Poetic and erotic, El mismo mar de todos los veranos (The Same Sea As Every Summer) was originally published in Spain in 1978, three years after the death of Franco and in the same year that government censorship was abolished. But even in a new era that fostered more liberal attitudes toward divorce, homosexuality, and women’s rights, this novel by Esther Tusquets was controversial. Its feminine view of sexuality–in particular, its depiction of a lesbian relationship–was unprecedented in Spanish fiction. Now its complex moods and rhythms have been caught in an English translation by Margaret E. W. Jones that has won the Kayden National Translation Award.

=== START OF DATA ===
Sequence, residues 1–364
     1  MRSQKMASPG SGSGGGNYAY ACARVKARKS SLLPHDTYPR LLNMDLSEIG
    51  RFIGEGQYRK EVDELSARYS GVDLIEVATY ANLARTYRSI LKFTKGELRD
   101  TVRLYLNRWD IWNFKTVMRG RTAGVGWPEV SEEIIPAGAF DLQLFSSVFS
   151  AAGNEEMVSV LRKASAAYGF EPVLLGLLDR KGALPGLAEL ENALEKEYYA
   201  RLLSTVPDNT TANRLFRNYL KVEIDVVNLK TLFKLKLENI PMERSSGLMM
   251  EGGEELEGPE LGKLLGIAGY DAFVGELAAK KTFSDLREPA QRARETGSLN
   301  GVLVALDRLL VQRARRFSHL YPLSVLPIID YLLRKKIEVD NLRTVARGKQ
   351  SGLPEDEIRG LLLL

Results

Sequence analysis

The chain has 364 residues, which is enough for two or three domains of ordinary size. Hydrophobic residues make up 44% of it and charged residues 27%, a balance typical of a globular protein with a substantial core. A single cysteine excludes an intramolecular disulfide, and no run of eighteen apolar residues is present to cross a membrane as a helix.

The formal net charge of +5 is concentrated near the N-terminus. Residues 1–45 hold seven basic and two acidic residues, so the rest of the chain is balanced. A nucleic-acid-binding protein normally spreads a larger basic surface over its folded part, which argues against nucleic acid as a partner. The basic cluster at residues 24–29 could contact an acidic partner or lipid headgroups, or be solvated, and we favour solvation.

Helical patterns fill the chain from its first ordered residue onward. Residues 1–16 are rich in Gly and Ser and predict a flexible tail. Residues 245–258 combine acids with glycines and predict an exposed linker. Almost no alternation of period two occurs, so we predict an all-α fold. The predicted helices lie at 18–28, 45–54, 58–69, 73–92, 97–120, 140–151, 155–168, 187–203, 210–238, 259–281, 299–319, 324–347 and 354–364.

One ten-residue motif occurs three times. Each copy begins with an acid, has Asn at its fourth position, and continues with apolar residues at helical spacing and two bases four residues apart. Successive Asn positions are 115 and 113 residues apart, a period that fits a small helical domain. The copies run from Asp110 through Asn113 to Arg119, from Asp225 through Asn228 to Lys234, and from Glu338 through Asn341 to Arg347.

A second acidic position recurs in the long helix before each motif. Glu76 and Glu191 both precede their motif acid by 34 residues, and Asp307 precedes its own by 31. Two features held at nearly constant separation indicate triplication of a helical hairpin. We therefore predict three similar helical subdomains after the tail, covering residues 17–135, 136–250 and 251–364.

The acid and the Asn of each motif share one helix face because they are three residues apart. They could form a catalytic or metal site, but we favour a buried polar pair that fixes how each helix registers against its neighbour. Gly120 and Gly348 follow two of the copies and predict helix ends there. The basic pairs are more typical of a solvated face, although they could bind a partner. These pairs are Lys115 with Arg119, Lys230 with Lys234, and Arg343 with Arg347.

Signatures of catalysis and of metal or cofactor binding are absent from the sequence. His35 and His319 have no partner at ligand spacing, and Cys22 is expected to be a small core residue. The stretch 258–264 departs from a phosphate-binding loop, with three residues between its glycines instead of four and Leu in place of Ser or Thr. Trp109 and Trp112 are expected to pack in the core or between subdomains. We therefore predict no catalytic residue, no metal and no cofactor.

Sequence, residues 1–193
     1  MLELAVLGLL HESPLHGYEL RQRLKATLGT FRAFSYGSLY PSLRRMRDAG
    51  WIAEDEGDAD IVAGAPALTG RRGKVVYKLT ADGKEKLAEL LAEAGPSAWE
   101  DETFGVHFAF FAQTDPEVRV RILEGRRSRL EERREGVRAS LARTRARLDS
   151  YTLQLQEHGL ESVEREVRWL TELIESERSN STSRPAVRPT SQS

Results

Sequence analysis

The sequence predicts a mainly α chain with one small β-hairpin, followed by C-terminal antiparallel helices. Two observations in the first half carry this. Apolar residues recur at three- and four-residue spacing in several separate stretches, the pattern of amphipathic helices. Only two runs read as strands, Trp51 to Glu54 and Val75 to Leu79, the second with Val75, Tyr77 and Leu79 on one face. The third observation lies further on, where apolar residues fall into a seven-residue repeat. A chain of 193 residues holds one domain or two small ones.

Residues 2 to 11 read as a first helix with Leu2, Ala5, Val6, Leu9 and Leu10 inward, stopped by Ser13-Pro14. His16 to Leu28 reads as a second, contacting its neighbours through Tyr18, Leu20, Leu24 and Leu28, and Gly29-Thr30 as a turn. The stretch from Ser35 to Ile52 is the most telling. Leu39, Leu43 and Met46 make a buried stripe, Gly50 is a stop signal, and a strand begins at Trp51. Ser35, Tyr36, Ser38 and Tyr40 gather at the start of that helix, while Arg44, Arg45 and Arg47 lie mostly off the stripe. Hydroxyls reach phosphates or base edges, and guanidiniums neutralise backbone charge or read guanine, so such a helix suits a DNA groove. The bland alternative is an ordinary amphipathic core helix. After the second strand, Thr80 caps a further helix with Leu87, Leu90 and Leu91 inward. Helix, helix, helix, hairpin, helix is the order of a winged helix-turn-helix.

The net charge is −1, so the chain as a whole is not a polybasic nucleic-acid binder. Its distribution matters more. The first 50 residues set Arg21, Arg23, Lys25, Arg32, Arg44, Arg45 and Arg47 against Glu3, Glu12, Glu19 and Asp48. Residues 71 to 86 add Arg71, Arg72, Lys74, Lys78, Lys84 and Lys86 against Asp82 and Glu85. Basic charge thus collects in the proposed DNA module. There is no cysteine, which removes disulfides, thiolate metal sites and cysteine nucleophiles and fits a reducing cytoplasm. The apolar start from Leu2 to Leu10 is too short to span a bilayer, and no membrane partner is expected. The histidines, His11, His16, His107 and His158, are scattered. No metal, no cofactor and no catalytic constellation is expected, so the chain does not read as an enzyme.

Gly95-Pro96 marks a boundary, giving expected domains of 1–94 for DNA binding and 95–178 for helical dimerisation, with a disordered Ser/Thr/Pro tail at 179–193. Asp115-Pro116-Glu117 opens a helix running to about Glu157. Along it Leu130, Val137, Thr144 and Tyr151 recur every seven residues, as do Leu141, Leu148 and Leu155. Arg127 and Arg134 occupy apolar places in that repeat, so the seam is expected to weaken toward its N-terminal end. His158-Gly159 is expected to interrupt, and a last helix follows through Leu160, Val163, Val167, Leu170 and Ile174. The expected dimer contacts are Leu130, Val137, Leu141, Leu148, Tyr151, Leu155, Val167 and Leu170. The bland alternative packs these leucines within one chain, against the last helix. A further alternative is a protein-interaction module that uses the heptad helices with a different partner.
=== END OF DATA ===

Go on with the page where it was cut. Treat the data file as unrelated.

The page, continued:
The disillusioned narrator of The Same Sea As Every Summer is a middle-aged woman whose unhappy life prompts a journey into she past to rediscover a more authentic self. However, events force her to realize that love or trust will inevitably be repaid by betrayal. This pattern assumes various forms in a story that moves forward as well as backward, playing out in Barcelona among the haute bourgeoisie. Richly textured with allusion, The Same Sea As Every Summer is also a commentary on post-Civil War Spanish society by an author who grew up during the repressive Franco regime. Esther Tusquets’s other novels include El amor es un juego solitano (1979) and Para no volver (1985).